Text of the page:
Keaton cooks up manic portrait of Arlington Heights' Ray Kroc in 'The Founder'
A magic moment in John Lee Hancock's biopic "The Founder" unfolds when Northwest Suburban salesman Ray Kroc, played with subdued manic brilliance by Michael Keaton, sees his first McDonald's restaurant brandishing a set of magnificent golden arches under a dark Phoenix sky.
The structure glows with an ethereal light, like a neon, steampunk version of Edward Hopper's painting "Nighthawks."
"The Founder"★ ★ ★
Starring: Michael Keaton, John Carroll Lynch, Nick Offerman, Patrick Wilson, Laura Dern
Directed by: John Lee Hancock
Other: A Weinstein Company release. Rated PG-13 for language. 115 minutes
Kroc appears transfixed, as if recognizing he's found his proverbial pot of gold arches at the end of a rainbow.
The scene demands a triumphant "eureka" fanfare by composer John Williams.
Carter Burwell's omnipresent folksy score will have to do.
Hancock, who specializes in celebrating real slices of Americana such as "The Rookie" and "The Blind Side," buys into Kroc as a transformative hero figure.
But anyone who knows the true story of Ray Kroc and how he "founded" the McDonald's fast-food empire, realizes that in formula Hollywood movies, Kroc would be cast as the villain, the guy who lied, cheated and finagled his way to the American dream while leaving the true heroes -- the oddly brilliant McDonald brothers, inventors of the fast-food business model -- in the grease bin.
Screenwriter Robert Siegel came up with the idea to portray Kroc, a post-WWII Arlington Heights resident, as a sympathetic down-on-his-luck, middle-aged salesman right out of an Arthur Miller play.
He's a dreamer, don't you know, a cockeyed optimist who listens to motivational recordings and adopts the single word "persistence" as his professional mantra.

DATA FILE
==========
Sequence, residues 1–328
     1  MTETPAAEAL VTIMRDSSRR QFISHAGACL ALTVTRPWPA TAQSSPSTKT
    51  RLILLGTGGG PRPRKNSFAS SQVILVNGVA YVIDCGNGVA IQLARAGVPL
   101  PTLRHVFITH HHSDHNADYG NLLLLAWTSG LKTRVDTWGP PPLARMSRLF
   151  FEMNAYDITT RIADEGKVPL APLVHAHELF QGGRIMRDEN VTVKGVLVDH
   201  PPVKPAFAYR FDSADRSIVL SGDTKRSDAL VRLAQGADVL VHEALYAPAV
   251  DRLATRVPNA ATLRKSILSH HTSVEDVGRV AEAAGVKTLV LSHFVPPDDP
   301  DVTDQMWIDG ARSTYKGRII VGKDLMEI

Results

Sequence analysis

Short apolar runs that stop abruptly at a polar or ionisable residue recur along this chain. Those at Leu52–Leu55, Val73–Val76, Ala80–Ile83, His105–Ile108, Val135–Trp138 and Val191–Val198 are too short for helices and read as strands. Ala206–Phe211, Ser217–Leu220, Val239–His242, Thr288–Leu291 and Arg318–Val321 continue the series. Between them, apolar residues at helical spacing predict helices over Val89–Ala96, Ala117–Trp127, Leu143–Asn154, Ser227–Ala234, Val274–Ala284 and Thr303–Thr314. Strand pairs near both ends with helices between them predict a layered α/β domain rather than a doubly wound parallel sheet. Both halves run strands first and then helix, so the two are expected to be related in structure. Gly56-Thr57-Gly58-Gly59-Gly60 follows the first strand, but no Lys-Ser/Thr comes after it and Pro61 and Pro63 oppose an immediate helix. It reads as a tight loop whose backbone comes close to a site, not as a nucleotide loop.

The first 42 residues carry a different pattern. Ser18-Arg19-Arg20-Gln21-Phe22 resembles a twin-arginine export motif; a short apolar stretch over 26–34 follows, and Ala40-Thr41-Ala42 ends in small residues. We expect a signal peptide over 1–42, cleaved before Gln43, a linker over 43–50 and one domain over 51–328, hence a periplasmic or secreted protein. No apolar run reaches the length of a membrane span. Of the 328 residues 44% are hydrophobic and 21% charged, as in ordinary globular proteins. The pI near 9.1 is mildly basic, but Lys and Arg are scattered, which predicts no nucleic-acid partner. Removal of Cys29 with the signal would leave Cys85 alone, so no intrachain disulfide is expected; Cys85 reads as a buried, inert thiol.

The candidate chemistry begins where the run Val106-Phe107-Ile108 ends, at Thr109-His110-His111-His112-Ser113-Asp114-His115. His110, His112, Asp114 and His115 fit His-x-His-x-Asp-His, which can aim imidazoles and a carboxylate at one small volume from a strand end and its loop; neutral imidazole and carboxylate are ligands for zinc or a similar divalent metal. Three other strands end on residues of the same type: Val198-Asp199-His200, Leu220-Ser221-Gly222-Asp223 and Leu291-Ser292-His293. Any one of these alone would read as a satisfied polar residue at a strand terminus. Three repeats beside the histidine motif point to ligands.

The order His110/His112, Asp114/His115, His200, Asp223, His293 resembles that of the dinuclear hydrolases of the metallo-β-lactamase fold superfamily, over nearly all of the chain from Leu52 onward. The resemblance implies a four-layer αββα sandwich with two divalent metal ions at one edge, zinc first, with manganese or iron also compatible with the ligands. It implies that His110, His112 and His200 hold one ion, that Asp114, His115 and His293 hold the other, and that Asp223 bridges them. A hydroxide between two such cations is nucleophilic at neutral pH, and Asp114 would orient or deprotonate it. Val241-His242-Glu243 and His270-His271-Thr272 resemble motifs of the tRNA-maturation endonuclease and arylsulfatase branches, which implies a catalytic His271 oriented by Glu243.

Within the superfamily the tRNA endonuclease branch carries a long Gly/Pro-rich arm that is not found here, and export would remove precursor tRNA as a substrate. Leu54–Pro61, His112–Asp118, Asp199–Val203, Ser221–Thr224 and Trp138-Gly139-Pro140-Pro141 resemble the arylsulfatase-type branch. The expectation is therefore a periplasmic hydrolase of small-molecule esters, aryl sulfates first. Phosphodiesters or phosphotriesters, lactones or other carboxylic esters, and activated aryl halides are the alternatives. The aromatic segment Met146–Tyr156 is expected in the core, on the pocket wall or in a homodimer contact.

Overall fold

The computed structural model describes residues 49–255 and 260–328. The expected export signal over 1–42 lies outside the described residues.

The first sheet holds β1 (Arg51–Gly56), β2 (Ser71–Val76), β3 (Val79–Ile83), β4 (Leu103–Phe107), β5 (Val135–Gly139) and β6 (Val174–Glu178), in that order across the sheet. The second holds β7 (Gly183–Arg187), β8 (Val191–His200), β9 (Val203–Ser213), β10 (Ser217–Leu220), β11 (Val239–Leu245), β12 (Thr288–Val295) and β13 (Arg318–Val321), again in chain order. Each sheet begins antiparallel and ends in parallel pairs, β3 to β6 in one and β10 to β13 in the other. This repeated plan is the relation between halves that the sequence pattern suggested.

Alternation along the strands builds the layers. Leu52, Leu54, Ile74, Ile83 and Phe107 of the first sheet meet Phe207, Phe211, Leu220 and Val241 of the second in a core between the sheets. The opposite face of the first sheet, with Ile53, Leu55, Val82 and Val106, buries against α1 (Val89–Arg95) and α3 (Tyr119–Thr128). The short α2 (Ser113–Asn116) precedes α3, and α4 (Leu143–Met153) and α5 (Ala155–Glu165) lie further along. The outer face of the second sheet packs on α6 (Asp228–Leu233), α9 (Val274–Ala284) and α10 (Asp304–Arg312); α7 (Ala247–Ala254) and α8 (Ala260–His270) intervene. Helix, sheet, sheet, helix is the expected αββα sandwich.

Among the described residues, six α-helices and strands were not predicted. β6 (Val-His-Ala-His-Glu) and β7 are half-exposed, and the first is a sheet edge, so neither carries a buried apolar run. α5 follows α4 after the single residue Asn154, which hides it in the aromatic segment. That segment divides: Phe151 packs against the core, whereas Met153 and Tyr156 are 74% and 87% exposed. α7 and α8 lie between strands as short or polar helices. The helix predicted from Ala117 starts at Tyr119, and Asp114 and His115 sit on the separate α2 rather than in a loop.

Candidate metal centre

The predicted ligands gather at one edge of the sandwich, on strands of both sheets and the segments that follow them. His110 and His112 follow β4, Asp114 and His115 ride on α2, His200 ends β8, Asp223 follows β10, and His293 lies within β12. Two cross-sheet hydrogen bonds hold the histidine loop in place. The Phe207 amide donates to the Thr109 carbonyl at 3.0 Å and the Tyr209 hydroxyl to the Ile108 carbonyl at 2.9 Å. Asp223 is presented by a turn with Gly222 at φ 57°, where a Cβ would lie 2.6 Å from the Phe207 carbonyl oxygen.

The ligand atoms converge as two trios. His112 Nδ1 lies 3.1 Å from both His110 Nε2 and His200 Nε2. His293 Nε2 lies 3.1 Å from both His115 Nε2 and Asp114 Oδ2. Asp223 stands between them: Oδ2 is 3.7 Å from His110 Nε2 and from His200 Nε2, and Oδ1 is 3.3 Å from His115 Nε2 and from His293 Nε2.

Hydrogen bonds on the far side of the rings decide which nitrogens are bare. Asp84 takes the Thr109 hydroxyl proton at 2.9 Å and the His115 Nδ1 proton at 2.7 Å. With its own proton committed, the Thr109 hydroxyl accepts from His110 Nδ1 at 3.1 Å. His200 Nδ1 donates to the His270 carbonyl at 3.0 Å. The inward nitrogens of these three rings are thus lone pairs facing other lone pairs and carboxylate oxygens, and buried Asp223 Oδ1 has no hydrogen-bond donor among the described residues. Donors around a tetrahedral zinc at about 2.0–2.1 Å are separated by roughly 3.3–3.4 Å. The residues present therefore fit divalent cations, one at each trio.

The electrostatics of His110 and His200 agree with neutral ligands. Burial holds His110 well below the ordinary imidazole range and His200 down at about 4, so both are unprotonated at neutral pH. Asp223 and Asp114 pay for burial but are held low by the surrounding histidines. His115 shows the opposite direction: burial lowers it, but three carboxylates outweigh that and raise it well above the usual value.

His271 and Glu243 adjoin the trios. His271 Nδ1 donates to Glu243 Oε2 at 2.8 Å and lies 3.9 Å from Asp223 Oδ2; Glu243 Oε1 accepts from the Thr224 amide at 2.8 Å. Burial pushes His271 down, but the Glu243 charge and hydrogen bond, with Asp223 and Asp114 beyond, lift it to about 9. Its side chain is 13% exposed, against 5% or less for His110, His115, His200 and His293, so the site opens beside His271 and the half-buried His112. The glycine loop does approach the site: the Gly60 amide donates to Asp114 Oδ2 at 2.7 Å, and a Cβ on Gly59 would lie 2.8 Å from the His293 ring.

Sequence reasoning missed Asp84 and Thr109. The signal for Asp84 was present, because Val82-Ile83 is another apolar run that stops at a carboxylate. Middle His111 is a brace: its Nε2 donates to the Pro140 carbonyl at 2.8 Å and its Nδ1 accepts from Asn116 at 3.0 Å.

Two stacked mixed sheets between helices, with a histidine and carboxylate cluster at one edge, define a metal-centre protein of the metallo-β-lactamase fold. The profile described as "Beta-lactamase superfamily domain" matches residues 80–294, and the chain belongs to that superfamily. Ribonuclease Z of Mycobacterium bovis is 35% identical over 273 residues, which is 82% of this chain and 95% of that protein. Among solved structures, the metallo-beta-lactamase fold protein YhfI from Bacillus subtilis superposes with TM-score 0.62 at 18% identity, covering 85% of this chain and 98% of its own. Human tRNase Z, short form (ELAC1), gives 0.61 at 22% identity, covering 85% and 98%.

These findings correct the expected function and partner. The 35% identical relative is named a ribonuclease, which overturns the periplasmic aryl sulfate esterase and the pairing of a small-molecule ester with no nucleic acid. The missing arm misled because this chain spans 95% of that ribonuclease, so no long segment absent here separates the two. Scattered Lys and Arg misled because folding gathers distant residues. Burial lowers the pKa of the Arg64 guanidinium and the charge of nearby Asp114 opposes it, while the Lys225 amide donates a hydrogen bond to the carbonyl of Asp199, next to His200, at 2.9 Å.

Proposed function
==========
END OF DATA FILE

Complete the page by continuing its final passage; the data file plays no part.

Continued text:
In short snippets, we glimpse his suffering, supportive wife, Ethel (Laura Dern), lamenting how their marriage is a low priority for the hip-flask-chugging Kroc, now selling milkshake multimixers capable of producing five servings at once.
So who would order eight of them? What restaurant could possibly need to produce 40 shakes at a time?
Kroc's curiosity leads him to San Bernadino, California, where the two McDonald brothers Mac and Dick (a hilariously synced duo played by John Carroll Lynch and Nick Offerman) have hammered out a revolutionary "Speedy System" that produces good-tasting burgers in 30 seconds, unheard of in the 1950s diner culture of roller-skating waitresses.
The brothers tell the curious Kroc all of their secrets -- right away you know they must be inept businessmen -- and Kroc realizes he's looking at his life's ship, ready to finally come in. It just needs a little push from a legal tugboat.
A financial adviser named Harry J. Sonneborn (B.J. Novak) gives Kroc the key to becoming the one and only true burger king by pointing out that real estate ownership, not franchise fees, will amass the fortune Kroc desires.
Kroc continues his pillaging of the brothers' ingenuity and audaciously proclaims himself to be the McDonald's founder, robbing them of authorship as well as millions of dollars in owed payments.
Watch Keaton carefully, for his sly performance suggests Kroc realizes exactly what he's doing, and doesn't concern himself with questions of ethics, morality and loyalty.
Hancock keenly wants us to still like this guy regardless of how he conducts business or treats his wife, who quietly disappears from the story, abruptly replaced by Linda Cardellini's Joan, the wife of a McDonald's franchisee (Patrick Wilson). She puts Kroc wise to a cheap, instant milkshake mix made with water, not ice cream, which saves money at the same time it defies the McDonald brothers' dedication for good food.
In a Frank Capra film, Mac and Dick McDonald would take Kroc to court and win a huge settlement along with justice.
But they didn't.
And in Hollywood, the guy with all the money gets to be the hero.